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JUL 9, 2018 | Ford Performance Staff


Tommy Joseph_800

DEARBORN - The waist-high table Tommy Joseph is standing behind looks more suited for a DJ getting ready to entertain a sold-out crowd on New Year’s Eve.  But in the place where you would expect to see turntables and microphones sits a laptop computer, along with two large monitors showing a variety of numbers and graphs.

To the average person, the information on the screen doesn’t say anything, but to Joseph it speaks volumes because 20 yards further in a wind-swept room separated by a huge pane of glass sits a 40 percent scale model version of the new Mustang that Ford Performance is bringing to the Monster Energy NASCAR Cup Series in 2019.

The car has all the same components of its full-size counterpart and sits on a rolling conveyer belt that, when running, simulates aerodynamic conditions it will encounter on the race track.  Wind tunnel testing like this is a requirement these days, especially in a sport where gains are measured in fractions of seconds, so it’s Joseph’s job to make sure every inch of Ford’s newest model is optimized to the fullest.

It sounds like a daunting task, taking the company’s iconic vehicle and adapting it to the guidelines NASCAR has prescribed, but that didn’t phase Joseph when he was promoted to Aerodynamics Supervisor for Ford Performance in January.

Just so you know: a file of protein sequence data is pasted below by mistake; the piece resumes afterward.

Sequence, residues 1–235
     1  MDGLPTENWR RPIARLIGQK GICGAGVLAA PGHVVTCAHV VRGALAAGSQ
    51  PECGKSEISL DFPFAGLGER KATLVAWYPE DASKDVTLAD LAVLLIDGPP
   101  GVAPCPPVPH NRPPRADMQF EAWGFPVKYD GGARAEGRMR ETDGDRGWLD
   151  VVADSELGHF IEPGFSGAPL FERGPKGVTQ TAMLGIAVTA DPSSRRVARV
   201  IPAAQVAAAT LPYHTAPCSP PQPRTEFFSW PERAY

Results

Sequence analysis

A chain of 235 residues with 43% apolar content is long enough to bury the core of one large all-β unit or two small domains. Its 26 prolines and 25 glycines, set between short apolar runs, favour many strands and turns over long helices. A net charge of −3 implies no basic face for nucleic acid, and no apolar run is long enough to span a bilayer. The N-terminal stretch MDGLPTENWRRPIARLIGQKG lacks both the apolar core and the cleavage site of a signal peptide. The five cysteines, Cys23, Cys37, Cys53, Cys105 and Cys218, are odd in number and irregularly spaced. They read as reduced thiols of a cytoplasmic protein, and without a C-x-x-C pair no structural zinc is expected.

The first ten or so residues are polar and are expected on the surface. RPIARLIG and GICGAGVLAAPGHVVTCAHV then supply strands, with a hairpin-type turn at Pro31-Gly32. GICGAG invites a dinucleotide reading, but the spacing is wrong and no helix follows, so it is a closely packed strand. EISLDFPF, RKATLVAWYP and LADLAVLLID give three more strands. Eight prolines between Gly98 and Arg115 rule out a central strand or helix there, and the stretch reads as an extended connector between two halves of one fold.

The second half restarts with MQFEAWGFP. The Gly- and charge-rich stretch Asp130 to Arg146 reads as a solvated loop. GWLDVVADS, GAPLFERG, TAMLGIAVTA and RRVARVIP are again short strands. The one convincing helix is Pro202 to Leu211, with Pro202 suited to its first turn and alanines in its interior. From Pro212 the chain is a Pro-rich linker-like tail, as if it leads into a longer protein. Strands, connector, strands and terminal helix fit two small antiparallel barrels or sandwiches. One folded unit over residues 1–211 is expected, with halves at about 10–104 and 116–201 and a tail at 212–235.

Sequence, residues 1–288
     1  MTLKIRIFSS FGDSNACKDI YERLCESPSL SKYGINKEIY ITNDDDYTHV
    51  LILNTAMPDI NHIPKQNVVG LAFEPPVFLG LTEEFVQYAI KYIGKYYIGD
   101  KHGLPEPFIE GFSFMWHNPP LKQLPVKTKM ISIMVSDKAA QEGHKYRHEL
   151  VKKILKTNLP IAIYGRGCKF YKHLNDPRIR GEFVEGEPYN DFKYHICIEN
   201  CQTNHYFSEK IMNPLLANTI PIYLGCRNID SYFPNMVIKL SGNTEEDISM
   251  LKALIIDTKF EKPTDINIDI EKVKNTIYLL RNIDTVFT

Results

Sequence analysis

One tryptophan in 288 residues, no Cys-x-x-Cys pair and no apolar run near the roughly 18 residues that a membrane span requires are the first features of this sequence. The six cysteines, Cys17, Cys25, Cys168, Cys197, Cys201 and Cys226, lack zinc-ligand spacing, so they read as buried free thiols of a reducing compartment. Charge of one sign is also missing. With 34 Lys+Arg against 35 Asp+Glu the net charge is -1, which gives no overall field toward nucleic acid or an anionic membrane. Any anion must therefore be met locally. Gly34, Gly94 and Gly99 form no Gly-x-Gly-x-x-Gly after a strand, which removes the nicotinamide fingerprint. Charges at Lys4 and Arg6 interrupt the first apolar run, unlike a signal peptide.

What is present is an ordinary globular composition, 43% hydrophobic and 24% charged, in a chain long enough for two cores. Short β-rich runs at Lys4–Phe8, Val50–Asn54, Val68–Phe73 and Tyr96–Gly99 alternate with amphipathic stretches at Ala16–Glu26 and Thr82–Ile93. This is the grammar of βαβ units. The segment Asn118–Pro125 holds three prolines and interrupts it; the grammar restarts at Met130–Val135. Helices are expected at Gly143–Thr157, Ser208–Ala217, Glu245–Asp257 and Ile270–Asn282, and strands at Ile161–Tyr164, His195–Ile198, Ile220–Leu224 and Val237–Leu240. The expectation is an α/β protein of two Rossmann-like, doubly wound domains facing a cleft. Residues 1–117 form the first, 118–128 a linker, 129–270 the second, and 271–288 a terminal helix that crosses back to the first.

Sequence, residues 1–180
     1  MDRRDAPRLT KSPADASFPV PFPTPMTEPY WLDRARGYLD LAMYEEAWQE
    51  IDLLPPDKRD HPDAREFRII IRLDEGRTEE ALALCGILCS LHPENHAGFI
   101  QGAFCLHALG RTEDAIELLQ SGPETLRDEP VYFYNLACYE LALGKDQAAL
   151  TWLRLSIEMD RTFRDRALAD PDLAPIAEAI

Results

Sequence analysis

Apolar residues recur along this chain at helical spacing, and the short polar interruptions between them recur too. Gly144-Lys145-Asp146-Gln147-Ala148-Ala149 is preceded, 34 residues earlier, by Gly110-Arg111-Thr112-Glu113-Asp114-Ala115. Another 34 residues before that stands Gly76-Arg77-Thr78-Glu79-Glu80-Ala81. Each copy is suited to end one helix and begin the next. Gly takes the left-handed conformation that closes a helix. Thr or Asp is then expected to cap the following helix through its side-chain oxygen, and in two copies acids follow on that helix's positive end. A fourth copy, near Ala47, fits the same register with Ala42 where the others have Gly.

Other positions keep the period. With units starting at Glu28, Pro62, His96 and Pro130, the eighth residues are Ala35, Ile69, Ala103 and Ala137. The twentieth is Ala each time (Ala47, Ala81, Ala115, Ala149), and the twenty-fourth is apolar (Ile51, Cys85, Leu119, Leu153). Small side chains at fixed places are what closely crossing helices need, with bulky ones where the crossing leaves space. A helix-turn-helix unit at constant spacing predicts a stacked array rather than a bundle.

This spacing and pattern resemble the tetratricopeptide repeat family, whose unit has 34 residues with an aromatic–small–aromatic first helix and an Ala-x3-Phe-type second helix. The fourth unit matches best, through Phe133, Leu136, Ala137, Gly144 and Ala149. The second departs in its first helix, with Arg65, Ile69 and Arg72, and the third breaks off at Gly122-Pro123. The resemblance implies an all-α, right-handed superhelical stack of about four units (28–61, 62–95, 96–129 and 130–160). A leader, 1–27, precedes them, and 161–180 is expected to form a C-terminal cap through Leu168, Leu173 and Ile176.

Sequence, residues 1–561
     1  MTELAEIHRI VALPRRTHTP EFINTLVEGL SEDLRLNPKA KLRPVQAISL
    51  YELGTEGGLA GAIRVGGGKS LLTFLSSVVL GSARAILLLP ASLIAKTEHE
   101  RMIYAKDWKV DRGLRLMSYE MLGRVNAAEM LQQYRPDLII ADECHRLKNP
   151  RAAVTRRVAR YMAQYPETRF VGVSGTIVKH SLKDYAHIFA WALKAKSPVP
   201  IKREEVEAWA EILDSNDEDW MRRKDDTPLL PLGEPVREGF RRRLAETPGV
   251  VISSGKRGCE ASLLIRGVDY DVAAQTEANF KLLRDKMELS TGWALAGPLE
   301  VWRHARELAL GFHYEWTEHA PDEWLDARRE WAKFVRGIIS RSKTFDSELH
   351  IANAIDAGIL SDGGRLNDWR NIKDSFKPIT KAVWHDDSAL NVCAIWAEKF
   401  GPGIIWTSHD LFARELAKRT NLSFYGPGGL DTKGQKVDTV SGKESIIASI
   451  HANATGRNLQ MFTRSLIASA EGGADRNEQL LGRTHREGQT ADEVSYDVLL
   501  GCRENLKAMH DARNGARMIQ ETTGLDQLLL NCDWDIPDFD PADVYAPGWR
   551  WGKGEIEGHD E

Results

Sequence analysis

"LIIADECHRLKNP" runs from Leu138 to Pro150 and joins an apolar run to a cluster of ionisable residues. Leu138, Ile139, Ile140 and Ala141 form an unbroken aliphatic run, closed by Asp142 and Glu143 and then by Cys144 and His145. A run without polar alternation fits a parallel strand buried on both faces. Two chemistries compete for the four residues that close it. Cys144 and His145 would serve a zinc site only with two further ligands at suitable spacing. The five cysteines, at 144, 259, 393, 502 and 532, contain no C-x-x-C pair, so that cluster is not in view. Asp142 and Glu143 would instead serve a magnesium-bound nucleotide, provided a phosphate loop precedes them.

“I wanted the challenge and the pressure that comes with it, but the main thing is I wanted to do a good job,” said Joseph, who was hired at Ford in March 2017 as NASCAR aerodynamics program leader.  “The unique history Mustang has over the years adds something, especially now that it’s going to be in NASCAR and will be competing against the Camaro, but we’ve got a good team.  There are many people on this project that are also feeling that pressure and thriving on it.”

Pressure is something Joseph has been dealing with for many years at the highest level of motorsports, having worked 12 years in Formula One with teams like Red Bull, Sauber, Honda and Williams from 2005-17.

“The reason I spent that much time there is because I was continuously learning, but the learning curve plateaued,” said Joseph.  “I realized that as an engineer I want to challenge myself continually and what Ford presented was a new challenge.  It’s still in my field, but also related to production cars.  I just happen to be working in NASCAR now using a different application of aerodynamics.